Sunday, August 31, 2008

The Celebrated Jumping Frog of Calaveras County

The Celebrated Jumping Frog
by Mark Twain

I recently met a former California native who is now living in the Boston area and is an avid Red Sox fan. During our conversation the discussion turned back to California and Calaveras County was mentioned - had I ever heard of it? I remembered the title of the famous Mark Twain story, so I said I did. This led to talk of the Calaveras County Fair, which continues to this day and present day life in California. I try to avoid mentioning today's politics in this blog, so I won't go down that road. But a look at Mark Twain, one of my favorite authors, is certainly called for.

Samuel Langhorne Clemens was born in 1835 in Florida, Missouri. He is of course most famous for his years growing up in Hannibal, Missouri, years that he immortalized in his own writings. Living on the banks of the Mississippi, before the outbreak of the Civil War, was paradise for such an imaginative youth. Growing up on the river, playing at being Pirates with his friends or dreaming of becoming that god-like creature, a riverboat pilot, gave Samuel Clemens all of the inspiration he needed to complete his most important works. (Ray Bradbury is another great author that comes to mind who received so much of his inspiration from his childhood).

After first working as a typesetter/printer and a sometime newspaper reporter, Sam Clemens did achieve his dream of becoming a riverboat pilot. Serving his apprenticeship under Horace Bixby, he memorized some 2,000 miles of the Mississippi River, along with all of its twists, turns, snags and sandbars - both upstream and downstream. This amazing feat of memory was required of all riverboat pilots, for which they were well-paid. Unfortunately for Clemens the coming of war in 1861 disrupted river traffic and put him out of a job. It did, however, provide the inspiration for his pen name Mark Twain. (Mark Twain was the term used to denote two fathoms (12 feet) of water under the keel of a riverboat).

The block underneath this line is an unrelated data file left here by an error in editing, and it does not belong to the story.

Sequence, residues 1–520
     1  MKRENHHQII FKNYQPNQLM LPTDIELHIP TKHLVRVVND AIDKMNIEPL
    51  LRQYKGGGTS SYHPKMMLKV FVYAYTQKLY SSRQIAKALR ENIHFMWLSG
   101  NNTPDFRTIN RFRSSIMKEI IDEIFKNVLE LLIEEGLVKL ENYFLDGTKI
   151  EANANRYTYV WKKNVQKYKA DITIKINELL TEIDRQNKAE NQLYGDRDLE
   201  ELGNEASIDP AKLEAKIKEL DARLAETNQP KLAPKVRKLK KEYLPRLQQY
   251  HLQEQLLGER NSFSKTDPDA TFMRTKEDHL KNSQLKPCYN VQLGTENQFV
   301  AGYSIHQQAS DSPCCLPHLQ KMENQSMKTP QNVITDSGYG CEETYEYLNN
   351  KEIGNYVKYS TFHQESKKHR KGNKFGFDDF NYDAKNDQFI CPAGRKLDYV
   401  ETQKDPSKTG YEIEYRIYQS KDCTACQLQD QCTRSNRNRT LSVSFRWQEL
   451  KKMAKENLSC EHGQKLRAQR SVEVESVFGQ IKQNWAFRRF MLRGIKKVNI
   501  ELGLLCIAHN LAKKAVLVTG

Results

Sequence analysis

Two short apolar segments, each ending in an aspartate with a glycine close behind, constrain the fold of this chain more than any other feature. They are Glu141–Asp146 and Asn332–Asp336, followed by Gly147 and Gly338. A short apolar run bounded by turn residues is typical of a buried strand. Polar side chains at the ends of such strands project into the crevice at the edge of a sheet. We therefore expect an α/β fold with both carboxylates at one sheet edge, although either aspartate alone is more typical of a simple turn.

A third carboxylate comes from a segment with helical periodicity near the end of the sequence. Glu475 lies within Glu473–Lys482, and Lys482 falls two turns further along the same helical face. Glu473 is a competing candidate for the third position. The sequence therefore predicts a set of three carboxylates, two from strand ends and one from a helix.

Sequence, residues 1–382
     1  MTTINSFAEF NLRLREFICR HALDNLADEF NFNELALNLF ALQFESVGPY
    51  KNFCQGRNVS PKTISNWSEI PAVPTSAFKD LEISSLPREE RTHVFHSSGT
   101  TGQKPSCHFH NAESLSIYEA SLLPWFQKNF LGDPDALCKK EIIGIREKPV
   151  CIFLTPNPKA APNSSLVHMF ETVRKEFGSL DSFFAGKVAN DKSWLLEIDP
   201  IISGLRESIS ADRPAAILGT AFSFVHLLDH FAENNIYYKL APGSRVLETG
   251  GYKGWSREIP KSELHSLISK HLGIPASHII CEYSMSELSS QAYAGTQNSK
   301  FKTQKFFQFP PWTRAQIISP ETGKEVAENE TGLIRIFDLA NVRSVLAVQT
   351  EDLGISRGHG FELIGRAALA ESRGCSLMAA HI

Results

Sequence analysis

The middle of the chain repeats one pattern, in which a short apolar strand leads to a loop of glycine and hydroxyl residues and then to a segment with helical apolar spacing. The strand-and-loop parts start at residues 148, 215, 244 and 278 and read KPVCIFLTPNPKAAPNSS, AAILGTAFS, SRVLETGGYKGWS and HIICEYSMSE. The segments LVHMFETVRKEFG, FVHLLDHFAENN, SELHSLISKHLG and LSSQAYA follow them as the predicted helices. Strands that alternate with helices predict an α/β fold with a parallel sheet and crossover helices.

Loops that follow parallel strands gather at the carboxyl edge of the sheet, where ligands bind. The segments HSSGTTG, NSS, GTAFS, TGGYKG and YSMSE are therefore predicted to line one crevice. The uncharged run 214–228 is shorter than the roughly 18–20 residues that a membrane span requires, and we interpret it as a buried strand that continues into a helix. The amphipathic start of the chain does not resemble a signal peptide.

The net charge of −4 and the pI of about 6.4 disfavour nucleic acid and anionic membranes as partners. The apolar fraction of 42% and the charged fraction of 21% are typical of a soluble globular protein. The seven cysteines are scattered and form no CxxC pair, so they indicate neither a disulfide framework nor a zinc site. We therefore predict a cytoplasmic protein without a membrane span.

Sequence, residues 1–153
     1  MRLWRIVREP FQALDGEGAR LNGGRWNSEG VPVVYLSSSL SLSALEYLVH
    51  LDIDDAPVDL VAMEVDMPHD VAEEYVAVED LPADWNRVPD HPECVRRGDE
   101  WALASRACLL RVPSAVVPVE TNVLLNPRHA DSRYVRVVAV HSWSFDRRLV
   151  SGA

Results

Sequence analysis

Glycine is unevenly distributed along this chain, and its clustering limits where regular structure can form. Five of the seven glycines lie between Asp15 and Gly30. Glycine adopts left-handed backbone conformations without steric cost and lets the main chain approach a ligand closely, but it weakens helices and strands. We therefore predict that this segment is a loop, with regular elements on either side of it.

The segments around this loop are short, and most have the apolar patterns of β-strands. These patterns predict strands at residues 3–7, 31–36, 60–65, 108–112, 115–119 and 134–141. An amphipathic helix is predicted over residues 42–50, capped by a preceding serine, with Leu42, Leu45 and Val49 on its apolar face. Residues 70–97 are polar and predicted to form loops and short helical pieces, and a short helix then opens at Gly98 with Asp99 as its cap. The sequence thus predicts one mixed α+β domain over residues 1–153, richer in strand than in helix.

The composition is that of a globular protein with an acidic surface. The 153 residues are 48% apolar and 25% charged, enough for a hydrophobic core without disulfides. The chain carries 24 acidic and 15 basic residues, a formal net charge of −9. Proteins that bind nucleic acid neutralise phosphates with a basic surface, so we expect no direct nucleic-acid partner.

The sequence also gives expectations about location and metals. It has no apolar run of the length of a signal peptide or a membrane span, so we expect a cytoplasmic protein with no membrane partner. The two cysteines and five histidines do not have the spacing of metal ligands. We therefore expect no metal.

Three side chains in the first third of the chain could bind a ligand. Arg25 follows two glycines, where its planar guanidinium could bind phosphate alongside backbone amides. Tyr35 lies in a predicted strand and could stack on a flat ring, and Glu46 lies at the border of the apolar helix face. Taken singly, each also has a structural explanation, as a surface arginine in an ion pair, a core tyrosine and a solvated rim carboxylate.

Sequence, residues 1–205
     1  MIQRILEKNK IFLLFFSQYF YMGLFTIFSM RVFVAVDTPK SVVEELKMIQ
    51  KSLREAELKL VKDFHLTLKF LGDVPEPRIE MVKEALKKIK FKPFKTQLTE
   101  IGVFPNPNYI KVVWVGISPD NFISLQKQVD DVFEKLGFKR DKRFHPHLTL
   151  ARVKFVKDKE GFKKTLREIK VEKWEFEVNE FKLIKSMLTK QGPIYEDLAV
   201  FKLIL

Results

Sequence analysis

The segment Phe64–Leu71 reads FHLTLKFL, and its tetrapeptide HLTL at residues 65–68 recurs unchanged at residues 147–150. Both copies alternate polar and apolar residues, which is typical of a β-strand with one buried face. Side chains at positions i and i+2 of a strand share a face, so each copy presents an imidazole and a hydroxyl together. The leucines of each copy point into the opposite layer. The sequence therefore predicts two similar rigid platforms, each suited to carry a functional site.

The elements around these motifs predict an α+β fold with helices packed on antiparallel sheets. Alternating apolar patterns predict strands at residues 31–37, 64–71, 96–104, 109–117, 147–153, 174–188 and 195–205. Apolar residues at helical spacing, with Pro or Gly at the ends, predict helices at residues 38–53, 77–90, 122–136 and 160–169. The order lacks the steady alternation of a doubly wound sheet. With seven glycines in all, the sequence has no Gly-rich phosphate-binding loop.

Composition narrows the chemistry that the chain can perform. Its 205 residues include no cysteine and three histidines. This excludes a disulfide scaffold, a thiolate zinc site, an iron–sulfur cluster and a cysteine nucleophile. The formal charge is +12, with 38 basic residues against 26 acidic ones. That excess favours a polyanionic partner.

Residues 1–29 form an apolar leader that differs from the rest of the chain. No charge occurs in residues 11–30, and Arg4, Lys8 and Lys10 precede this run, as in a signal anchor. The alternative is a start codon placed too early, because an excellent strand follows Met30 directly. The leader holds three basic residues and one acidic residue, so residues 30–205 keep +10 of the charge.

Samuel Clemens missed serving in the Civil War by going west with his brother Orion. Orion had been appointed Secretary of the territory of Nevada and Sam took the opportunity to join him. Clemens again picked up his writing career in the boomtown of Virginia City, Nevada by writing for local newspapers. (He also tried his hand at mining, at which he failed).

For a time he wrote for a newspaper in San Francisco and it was while he was in California that he experienced life in the gold mining camps. A story he heard in the camp of Angel, California led to his writing the short story that launched his literary career - The Celebrated Jumping Frog of Calaveras County. (The frog jumping tradition continues at the annual Calaveras County fair).

Some of Clemens happiest and most prolific years (1874-1891) were spent in the house he and his wife Olivia had built in Hartford, Connecticut. His two most famous novels, The Adventures of Tom Sawyer and Adventures of Huckleberry Finn, were completed while living here. The novel Adventures of Huckleberry Finn is considered his greatest work.

Samuel Clemens later years were unhappy years due to the premature deaths of two of his three daughters and by the death of his beloved wife Livy in 1904. Samuel Clemens died in 1910, while Halley's Comet was visible in the night sky - just as it was upon his birth in 1835.

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